You would think a fellow would catch that after 17 years, Madam Speaker, but my apologies.
The member for Calgary Nose Hill knows the respect I hold for her and her passion on this issue.
Canadians have joined with people all across the world to deplore the murderous actions of Daesh. Canada has been a key contributor in the international efforts to address the crisis and resettle those who have been displaced from their homes. Since November 4, 2015, we have welcomed almost 40,000 Syrian refugees. Also, the Government of Canada has fulfilled its 2009 commitment to resettle 23,000 Iraqi refugees by 2015.
I am pleased that all parties are co-operating to help the vulnerable Yazidi population, as evidenced by the unanimous support to bring Yazidis to Canada within 120 days.
We are committed to meeting this 120 day time limit, but it is equally important to take the necessary time to do this right and to ensure that we have in place such things as settlement supports, welcoming communities, interpreters, and plans to meet the psychological and social needs of those we are welcoming.
That is why, as the former minister said in his response to this question, we have been working very actively on a two-part strategy.
We will bring individuals who are residing outside of Iraq, in Turkey and Lebanon, and while this work is being done, we will concurrently explore options for those residing in Iraq.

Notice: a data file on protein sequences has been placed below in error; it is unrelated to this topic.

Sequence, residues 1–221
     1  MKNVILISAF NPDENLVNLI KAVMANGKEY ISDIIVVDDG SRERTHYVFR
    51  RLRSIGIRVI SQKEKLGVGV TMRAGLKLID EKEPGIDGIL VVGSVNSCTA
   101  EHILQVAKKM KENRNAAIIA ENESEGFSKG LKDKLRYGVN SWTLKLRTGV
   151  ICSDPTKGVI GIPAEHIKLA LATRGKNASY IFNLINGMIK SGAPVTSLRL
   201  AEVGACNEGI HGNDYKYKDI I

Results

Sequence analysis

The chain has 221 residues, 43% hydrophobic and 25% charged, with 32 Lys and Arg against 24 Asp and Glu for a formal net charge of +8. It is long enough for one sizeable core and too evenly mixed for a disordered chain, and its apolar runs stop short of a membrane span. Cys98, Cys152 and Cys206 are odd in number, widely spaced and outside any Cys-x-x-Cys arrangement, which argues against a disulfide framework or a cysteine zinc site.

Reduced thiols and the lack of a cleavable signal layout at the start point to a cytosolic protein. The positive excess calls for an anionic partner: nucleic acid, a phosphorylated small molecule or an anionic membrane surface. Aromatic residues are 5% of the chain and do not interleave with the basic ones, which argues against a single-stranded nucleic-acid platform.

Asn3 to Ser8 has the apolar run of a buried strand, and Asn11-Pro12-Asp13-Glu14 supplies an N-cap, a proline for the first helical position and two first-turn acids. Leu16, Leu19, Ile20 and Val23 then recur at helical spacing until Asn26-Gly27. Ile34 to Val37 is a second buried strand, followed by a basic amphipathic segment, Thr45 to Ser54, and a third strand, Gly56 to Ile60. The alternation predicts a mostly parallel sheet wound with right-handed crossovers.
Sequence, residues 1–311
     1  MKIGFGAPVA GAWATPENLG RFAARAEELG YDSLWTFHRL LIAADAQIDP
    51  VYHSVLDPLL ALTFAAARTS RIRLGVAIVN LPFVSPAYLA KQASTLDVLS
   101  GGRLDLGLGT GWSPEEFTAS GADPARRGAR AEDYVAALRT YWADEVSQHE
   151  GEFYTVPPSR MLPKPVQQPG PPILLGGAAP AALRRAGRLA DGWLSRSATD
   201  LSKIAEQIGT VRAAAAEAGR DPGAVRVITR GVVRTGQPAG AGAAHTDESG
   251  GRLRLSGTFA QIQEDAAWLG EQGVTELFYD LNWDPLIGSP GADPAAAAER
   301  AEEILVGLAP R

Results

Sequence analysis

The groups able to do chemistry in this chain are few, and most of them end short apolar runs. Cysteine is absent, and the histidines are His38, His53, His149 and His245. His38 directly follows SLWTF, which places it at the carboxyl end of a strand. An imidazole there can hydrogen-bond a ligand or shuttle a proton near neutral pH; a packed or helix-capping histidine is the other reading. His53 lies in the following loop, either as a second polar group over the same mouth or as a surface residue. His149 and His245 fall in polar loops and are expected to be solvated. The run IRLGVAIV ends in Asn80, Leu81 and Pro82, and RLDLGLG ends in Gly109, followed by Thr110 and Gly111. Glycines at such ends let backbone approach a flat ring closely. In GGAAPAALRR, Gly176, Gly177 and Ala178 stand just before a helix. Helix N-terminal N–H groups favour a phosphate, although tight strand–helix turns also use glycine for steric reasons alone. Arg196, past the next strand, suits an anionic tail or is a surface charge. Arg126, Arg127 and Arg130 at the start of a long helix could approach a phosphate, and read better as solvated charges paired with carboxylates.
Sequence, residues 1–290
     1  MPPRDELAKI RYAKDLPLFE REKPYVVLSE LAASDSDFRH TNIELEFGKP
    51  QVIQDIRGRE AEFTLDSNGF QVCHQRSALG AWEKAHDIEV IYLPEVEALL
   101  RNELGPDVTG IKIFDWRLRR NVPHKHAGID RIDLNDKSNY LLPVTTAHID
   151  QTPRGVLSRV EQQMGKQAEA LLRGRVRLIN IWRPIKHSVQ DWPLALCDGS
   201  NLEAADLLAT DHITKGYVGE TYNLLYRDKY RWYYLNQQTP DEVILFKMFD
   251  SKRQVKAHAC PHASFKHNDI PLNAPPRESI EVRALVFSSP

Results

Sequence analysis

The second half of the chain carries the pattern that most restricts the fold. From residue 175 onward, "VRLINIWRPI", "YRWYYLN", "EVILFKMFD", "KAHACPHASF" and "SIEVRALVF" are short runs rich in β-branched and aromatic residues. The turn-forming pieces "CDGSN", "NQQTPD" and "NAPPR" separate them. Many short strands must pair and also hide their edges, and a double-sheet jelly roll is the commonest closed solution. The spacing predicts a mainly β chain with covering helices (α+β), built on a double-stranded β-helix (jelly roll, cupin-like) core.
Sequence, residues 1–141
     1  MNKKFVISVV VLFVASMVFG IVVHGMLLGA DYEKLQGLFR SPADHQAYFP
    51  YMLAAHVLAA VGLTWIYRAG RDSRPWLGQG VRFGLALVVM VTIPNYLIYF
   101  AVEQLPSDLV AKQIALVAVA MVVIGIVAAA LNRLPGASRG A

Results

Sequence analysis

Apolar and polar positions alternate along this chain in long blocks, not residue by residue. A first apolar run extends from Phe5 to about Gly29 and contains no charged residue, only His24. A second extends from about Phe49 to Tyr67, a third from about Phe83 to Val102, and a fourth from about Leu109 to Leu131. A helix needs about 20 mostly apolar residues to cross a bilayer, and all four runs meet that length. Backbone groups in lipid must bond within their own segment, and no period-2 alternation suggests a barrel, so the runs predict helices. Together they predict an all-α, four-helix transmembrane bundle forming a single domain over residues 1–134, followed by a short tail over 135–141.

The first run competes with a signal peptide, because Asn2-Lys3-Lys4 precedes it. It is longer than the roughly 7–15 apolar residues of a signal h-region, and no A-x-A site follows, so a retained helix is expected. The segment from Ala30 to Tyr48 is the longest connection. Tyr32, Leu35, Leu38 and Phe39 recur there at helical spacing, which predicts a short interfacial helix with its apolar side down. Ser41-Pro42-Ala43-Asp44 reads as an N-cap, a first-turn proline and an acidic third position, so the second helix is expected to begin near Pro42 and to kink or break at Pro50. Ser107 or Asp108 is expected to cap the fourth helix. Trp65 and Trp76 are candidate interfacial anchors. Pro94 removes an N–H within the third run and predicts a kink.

While we recognize the need for protection for victims of Daesh, Canadians realize the region's continued instability presents challenges in identifying and interviewing them, not to mention getting them out of Iraq, while ensuring the safety of our immigration officers and members of vulnerable groups.
The internationally agreed upon approach to resettlement is to focus on refugees, in other words, those persons who have been forced to flee their country.
Canada's resettlement program is designed to provide protection for refugees who are outside their country of origin. Individuals who have had to flee their home but remain within their home country are known as internally displaced people.
The safety of individuals, staff, and partners is a top priority when developing operational plans. It takes considerable resources to process difficult-to-access populations.
That said, the Government of Canada is looking at ways to respond to the challenges in northern Iraq. Immigration, Refugees and Citizenship Canada officials recently completed a third visit to the region. They interviewed a large number of Syrian refugees, as well as some internally displaced persons, and met with key partners to gather as much information as possible on the situation on the ground.
Canada has a long, proud, and well-respected tradition of helping to protect persons in need. While we want to continue to be a world leader in this area, there is no quick fix.
We are continuing to explore options and to work with our partners in the region to respond to these challenges to determine how best to extend protection to these vulnerable populations in northern Iraq.